‘I’m just trying to get on TV:’ Gun rally draws fringe groups, lots of media to Richmond

‘I’m just trying to get on TV:’ Gun rally draws fringe groups, lots of media to Richmond
Men walk down Main Street with firearms during a pro-gun rally in Richmond on Monday, Jan. 18, 2021. A sign warns that guns are banned at demonstrations. (Source: Ned Oliver/Virginia Mercury)

As each new armed group arrived in downtown Richmond Monday, they were greeted by a swarm of cameras and interviewers asking why they had come out to stand near the Capitol with their guns.

“I’m just trying to get on TV,” said one young man wearing camouflage, drawing laughs from his group of about five armed associates. “Joke’s on you guys.”

One year after more than 20,000 gun enthusiasts swarmed Richmond to protest new gun laws, Monday’s sequel was smaller and stranger.

After being denied a permit to rally on the Capitol grounds, the pro-gun Virginia Citizens Defense League asked its supporters to participate in a vehicular caravan through the city. But several disparate groups, including members of the anti-government Boogaloo movement, the Proud Boys and the Black Panthers, demonstrated on foot around the locked-down Capitol building.

Many were carrying firearms. But there appeared to be no confrontations with police, despite the passage of a new city law last year meant to allow authorities to ban guns at political demonstrations and other public events.

With tensions high following the right-wing riot at the U.S. Capitol earlier this month, Virginia officials took several precautions, including shutting down the grounds of the state Capitol, putting up fencing and canceling permits for other groups planning events. The VCDL has been holding its annual Lobby Day event for decades, but other interest groups, including advocates for gun control, typically hold events with policymakers on the same day.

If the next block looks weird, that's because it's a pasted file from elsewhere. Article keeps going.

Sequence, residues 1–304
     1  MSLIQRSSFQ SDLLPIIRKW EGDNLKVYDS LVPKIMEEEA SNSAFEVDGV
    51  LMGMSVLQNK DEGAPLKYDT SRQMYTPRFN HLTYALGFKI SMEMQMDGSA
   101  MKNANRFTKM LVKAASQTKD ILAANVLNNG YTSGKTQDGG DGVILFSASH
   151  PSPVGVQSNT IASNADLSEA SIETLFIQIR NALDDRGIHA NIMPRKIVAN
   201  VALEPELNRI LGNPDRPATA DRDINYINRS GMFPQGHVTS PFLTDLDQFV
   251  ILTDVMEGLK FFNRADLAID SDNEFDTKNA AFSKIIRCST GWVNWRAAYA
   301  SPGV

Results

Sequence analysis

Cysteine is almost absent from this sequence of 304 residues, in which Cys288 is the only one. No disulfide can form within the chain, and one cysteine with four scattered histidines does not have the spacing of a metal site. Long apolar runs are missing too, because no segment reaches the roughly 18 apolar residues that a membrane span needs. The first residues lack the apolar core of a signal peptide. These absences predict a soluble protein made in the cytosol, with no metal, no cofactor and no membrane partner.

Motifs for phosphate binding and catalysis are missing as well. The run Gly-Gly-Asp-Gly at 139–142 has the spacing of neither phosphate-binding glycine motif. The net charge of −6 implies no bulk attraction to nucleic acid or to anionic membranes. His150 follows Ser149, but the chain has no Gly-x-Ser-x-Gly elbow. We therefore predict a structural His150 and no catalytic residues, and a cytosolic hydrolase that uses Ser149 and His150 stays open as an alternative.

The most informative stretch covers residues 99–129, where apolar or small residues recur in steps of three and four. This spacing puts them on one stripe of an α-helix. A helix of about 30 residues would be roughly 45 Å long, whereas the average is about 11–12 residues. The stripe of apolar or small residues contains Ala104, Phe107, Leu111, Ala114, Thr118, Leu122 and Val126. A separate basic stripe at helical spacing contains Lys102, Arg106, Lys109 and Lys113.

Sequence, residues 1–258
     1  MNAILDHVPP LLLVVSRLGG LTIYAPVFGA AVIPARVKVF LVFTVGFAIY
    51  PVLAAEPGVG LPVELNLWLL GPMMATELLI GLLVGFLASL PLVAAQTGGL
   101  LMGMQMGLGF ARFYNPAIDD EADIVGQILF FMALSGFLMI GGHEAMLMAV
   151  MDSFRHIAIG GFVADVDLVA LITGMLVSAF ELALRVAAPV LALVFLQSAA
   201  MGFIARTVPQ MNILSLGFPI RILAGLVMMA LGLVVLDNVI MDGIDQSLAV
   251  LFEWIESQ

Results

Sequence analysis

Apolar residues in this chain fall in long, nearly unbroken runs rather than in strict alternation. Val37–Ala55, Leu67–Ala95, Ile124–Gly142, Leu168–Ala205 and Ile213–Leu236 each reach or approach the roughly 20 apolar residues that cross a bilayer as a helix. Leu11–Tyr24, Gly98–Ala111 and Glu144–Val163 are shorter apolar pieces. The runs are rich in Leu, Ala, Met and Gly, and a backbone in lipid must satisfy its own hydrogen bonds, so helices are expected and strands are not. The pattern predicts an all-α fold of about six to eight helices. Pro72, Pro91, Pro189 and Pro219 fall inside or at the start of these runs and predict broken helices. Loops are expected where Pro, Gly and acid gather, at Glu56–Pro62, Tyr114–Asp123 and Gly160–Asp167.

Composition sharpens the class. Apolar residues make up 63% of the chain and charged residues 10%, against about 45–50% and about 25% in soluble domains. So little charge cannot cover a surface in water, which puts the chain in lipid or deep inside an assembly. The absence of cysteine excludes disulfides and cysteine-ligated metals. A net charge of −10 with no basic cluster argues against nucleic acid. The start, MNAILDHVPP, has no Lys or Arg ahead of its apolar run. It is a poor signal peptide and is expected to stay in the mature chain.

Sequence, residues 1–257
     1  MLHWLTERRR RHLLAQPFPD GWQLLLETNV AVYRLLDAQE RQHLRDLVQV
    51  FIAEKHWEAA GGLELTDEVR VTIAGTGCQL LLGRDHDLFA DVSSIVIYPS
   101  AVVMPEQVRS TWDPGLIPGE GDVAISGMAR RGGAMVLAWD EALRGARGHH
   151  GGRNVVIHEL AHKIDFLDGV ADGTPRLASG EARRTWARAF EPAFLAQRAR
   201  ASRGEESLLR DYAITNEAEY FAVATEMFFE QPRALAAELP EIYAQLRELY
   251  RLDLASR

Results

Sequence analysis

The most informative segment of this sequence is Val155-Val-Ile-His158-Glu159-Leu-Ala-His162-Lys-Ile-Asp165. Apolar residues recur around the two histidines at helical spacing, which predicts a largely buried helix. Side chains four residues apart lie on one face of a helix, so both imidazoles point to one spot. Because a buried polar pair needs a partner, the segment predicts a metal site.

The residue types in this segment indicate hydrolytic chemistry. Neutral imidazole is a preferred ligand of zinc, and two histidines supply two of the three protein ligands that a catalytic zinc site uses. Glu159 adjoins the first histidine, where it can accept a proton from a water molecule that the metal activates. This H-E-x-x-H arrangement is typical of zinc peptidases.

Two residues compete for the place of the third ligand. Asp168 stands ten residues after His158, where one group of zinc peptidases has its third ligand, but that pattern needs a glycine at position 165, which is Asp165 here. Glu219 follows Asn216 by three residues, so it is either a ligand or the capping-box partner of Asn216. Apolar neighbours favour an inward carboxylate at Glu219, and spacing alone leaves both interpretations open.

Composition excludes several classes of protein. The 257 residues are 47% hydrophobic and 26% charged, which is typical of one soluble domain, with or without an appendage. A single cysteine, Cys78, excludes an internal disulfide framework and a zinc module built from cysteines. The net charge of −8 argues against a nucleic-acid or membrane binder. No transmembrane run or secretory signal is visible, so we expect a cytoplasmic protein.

The prospect of potential violence tied to President-elect Joe Biden’s inauguration Wednesday has added to security concerns in many state capitals.

Since last year’s massive rally, the city of Richmond passed a new gun-control ordinance allowing guns to be banned in city buildings, parks and at political rallies in public spaces. That law applies to planned gatherings for which the city has issued a permit, as well as more impromptu events “that would otherwise require a permit.”

Last August, Mayor Levar Stoney retweeted a video of a militia march in Richmond, using it as an example of why the new law was needed.

“You don’t need to brandish a deadly weapon to make a point,” Stoney said.

That ordinance was made possible by legislation the General Assembly passed last year. The state law requires local officials to post signs warning that guns are prohibited in certain areas. Richmond did that for Monday’s event, but the signs didn’t appear to make much of a difference in how law enforcement handled the presence of armed demonstrators.

Mike Dunn, a self-styled Boogaloo leader who has appeared at several protests and rallies in Virginia over the last year, said he and his group of nine had come to Richmond Monday to intentionally and “proudly” violate that law. Dunn’s armed group stood in a line next to the Capitol directly across from police.

The Virginia Mercury is a new, nonpartisan, nonprofit news organization covering Virginia government and policy.